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Problem in my last year! Related to medical physics and Nuke Eng

  1. Aug 25, 2011 #1

    So I have a problem in my last semester of my final year. There is a course conflict between two physics courses that I need to graduate: Special Relativity and Advanced Optics. The only reason is because I missed one course from the previous year and the undergraduate advisor said there was no gaurantee those courses would fit together in my situation.
    Anyways after my talk with the advisor, he said I have two options:
    1. Take Advanced Optics and find any other theoretical physics course to replace Special Relativity (the replacement course has nothing to do with S.R.) and graduate.
    2. He recommended me to take another year to complete the S.R course and to take more senior level physics courses such as QM II, Stat Mech II, Adv Lab etc. The reason he recommended me this second option is because if I were to apply to any physics graduate school, I would not have enough background physics. However, my goal is either medical physics or nuclear engineering. And I've read that much of medical physics do not require much advanced topics in physics UNLESS i go on with my PhD (I may be wrong about this point). I am not really sure about nuclear engineering, but I plan to take a course on fundamentals on nuclear energy production.

    I live in Canada and plan to apply to multiple grad school for medical physics in Canada. As for nuclear engineering, I am looking at UOIT and McMasters. Uwaterloo has a program as well so it is also a possibility.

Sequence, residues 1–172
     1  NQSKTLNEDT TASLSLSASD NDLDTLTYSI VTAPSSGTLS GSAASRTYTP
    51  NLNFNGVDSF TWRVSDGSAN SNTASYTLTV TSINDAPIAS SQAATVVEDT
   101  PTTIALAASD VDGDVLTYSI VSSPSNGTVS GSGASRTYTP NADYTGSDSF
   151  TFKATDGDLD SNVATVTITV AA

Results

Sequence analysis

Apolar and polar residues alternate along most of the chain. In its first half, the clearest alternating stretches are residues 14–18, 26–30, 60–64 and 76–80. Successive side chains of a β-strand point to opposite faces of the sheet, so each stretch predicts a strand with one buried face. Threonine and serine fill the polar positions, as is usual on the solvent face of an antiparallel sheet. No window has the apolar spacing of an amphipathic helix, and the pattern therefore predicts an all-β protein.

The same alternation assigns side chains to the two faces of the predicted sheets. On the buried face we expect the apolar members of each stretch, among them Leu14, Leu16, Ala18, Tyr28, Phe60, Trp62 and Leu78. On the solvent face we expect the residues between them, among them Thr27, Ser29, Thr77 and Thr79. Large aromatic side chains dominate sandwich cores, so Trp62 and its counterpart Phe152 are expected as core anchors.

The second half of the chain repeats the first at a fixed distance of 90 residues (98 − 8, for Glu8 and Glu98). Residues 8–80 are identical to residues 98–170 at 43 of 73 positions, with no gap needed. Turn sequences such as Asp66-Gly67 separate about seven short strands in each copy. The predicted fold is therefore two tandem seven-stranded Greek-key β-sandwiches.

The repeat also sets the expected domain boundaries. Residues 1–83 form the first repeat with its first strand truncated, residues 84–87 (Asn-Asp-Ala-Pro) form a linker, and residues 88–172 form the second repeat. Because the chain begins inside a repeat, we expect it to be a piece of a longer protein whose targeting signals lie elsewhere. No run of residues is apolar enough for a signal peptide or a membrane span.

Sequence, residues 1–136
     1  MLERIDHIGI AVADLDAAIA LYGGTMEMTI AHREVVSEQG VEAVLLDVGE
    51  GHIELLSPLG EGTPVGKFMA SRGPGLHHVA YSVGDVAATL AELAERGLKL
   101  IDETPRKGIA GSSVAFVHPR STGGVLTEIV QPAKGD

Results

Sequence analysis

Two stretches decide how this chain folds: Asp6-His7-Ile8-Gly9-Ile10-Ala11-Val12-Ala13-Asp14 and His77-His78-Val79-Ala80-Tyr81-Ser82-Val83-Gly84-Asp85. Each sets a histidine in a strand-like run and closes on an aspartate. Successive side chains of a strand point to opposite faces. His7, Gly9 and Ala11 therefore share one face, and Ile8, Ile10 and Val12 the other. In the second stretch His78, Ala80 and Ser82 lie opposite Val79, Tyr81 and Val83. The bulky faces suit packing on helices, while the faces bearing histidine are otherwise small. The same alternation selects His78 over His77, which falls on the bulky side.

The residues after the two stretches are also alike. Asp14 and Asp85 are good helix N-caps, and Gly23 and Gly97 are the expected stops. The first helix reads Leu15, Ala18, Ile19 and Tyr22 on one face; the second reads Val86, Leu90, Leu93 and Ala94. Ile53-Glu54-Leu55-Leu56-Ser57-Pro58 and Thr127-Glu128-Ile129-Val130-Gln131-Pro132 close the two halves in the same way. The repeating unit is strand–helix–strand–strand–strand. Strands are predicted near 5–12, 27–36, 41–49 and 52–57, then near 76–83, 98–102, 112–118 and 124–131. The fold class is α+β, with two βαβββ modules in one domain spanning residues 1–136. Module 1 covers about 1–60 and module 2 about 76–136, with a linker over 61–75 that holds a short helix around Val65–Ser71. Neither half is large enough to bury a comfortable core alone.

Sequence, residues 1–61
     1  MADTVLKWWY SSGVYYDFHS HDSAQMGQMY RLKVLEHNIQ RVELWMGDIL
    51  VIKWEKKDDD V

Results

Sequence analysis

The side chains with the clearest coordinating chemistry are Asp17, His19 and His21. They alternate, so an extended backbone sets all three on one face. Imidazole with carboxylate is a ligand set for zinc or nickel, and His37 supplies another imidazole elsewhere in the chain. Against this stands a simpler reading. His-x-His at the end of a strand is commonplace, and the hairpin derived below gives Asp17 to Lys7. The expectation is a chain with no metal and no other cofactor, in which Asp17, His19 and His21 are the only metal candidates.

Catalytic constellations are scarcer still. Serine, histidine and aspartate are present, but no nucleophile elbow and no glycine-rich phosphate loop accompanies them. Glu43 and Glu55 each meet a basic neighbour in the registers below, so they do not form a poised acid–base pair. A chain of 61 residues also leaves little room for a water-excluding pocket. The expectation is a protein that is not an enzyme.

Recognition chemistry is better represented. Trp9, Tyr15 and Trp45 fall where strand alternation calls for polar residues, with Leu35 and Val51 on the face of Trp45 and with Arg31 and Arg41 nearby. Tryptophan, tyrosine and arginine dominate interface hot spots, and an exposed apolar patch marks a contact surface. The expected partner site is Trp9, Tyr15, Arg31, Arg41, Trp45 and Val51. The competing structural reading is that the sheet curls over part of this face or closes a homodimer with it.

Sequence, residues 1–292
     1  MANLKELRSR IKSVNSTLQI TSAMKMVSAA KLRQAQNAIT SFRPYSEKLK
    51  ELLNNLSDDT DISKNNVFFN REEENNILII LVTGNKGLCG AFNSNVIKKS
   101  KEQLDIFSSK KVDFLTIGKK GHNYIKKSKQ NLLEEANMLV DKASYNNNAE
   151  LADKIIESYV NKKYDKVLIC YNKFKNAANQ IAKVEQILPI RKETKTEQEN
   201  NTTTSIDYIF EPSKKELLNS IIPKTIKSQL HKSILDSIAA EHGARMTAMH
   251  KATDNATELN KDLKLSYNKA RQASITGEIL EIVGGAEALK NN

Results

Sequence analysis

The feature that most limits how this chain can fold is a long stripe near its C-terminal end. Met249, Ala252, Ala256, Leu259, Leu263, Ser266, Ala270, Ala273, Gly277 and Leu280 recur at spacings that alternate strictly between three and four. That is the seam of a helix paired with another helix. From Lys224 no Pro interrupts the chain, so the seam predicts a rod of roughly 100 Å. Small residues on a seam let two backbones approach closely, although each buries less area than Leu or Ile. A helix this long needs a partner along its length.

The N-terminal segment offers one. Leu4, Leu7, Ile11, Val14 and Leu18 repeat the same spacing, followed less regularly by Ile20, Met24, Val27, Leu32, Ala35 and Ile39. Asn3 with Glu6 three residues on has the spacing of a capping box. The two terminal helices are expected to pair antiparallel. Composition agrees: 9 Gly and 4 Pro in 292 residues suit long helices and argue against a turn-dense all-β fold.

So what do you guys think is the best course of action? (I really want to graduate and start working ASAP!)

    Thanks for the replies!
  2. jcsd
  3. Aug 25, 2011 #2


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    It's tempting to say that you probably won't use much special relativity in clinical medical physics or that the parts that you do use will be coded deeply into a radiation transport code that you're unlikely to be modifying during your career. But that's kind of like that kid in high school who sat at the back of math class when you were factoring polynomials and asked 'when am I ever going to need this?'

    It's important to listen to the advice of your advisor - particularly the part about not otherwise having enough background in physics for graduate school. From your description it sounds like there may be several holes in your undergraduate physics education, not just special relativity and this may put you in a position where you simply won't be accepted into graduate school.

    So I (speaking as a medical physicist) would go for option 2.
  4. Aug 26, 2011 #3
    Thanks for the input Choppy. I have seriously considered staying for another year (going on 6 if that happens). But would I really need all those courses for nuclear engineering? For some reason, I am really into radiation but cannot decide between medical physics and nuke eng.
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